3. Do something fun. Temporarily distract yourself from the stress, and re-charge your battery, with an enjoyable activity. Watching a funny movie is a reliable way to give yourself a pleasant break, and listening to your favorite music is one of the quickest ways to change your mood. When my older daughter was in the intensive-care unit as a newborn, my husband dragged me off to a movie one afternoon -- and that few hours of distraction made me much better able to cope with the situation. Be careful, however, not to “treat” yourself by doing something that’s eventually going to make you feel worse (taking up smoking again, drinking too much, indulging in retail therapy). My comfort-food activity is reading children's literature.
Much like yawning and a case of the giggles, happiness really is contagious. One study found that happiness has a waterfall effect among pals (and their pals… and their pals’ pals). When one person’s happy, it spreads to his or her friends and entire social network over the long term. Pretty much the most awesome way to influence other people, right?
Feel more compassion. Tenzin Gyatso, the 14th Dalai Lama, once said, “If you want others to be happy, practice compassion; if you want to be happy, practice compassion.” You may think that feeling compassion for others has nothing to do with your own level of happiness, but in fact, being able to feel compassion for a friend or stranger in a difficult situation can make you a more whole, self-aware, and grateful person. If you’re so busy obsessing over your own struggles and never look around to see how other people are feeling, you’re bound to be less happy than a truly compassionate person.[3]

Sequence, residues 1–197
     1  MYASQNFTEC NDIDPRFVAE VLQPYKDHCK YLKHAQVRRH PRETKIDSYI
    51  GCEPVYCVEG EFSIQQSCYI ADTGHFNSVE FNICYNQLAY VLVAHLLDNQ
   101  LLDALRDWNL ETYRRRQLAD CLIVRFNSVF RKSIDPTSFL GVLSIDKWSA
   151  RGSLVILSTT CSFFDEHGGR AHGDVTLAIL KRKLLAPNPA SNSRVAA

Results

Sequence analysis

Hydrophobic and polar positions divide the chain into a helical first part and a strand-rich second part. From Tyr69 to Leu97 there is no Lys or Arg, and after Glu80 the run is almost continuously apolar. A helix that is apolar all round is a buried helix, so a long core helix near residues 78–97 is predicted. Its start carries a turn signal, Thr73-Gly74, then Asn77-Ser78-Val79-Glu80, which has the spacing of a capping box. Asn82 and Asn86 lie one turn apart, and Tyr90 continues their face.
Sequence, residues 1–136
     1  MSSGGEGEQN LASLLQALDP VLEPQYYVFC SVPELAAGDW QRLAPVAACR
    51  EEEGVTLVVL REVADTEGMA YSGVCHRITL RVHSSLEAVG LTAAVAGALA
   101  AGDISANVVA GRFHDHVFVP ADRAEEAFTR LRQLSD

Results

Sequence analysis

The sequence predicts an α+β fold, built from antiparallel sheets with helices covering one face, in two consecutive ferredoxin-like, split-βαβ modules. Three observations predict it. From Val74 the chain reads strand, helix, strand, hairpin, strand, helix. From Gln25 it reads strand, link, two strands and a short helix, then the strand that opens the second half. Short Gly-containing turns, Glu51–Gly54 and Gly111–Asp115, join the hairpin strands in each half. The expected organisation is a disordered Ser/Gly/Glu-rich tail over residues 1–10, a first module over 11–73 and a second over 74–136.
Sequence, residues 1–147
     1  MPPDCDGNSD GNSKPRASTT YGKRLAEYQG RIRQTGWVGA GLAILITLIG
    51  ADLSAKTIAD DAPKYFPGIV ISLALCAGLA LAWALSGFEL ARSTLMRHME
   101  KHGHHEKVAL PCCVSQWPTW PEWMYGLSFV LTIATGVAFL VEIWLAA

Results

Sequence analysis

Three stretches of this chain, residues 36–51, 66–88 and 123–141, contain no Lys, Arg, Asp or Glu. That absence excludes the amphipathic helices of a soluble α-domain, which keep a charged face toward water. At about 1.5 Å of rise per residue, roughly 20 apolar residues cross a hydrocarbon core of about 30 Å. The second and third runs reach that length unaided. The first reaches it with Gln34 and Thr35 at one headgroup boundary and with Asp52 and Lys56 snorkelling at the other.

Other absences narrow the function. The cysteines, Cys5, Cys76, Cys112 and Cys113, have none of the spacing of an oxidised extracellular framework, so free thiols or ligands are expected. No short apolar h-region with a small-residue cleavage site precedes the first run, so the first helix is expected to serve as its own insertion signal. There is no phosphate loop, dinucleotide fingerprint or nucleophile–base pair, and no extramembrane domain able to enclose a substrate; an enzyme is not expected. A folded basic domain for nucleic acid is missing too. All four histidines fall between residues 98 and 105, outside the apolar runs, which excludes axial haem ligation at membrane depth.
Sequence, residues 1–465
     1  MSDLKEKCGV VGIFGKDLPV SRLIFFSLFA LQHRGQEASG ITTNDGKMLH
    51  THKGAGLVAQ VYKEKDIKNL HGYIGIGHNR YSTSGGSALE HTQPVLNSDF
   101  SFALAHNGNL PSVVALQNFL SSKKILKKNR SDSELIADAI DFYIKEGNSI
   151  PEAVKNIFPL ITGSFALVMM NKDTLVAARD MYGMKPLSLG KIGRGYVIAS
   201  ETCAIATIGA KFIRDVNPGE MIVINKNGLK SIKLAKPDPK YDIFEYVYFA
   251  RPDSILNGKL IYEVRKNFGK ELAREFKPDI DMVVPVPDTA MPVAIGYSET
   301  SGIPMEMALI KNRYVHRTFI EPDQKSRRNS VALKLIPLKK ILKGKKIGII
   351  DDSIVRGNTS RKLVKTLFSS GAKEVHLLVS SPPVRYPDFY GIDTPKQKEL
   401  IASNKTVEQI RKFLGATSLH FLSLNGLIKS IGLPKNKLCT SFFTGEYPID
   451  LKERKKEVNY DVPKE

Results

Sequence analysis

The philosopher Odo Marquard has noted a correlation in the German language between the word zwei, which means “two,” and the word zweifel, which means “doubt”—suggesting that two of anything brings the automatic possibility of uncertainty to our lives. Now imagine a life in which every day a person is presented with not two or even three but dozens of choices, and you can begin to grasp why the modern world has become, even with all its advantages, a neurosis-generating machine of the highest order. In a world of such abundant possibility, many of us simply go limp from indecision. Or we derail our life’s journey again and again, backing up to try the doors we neglected on the first round, desperate to get it right this time. Or we become compulsive comparers—always measuring our lives against some other person’s life, secretly wondering if we should have taken her path instead.
Shooting the breeze may be fun and completely effortless, but small talk won’t lead you to a happier life. In one study, people who engaged in the least amount of meaningless chit-chat were also the happiest. Eavesdropping on Happiness: Well-being is Related to Having Less Small Talk and More Substantive Conversations. Mehl, M.R. and Vazire, S. Psychological Science, Apr 1 2010;21(4):539-541 And speaking of conversation skills, being a good listener may also lead to a greater sense of well-being, stronger relationships, and all-around better experiences.
While some factors that affect happiness might be outside of our control (such as genetics or certain life circumstances), there are always actions we can take to amp up our own good feelings. To smile wider, be more satisfied with life, and feel altogether better—both in the present and the future—try introducing any (or all!) of these practices into your life.
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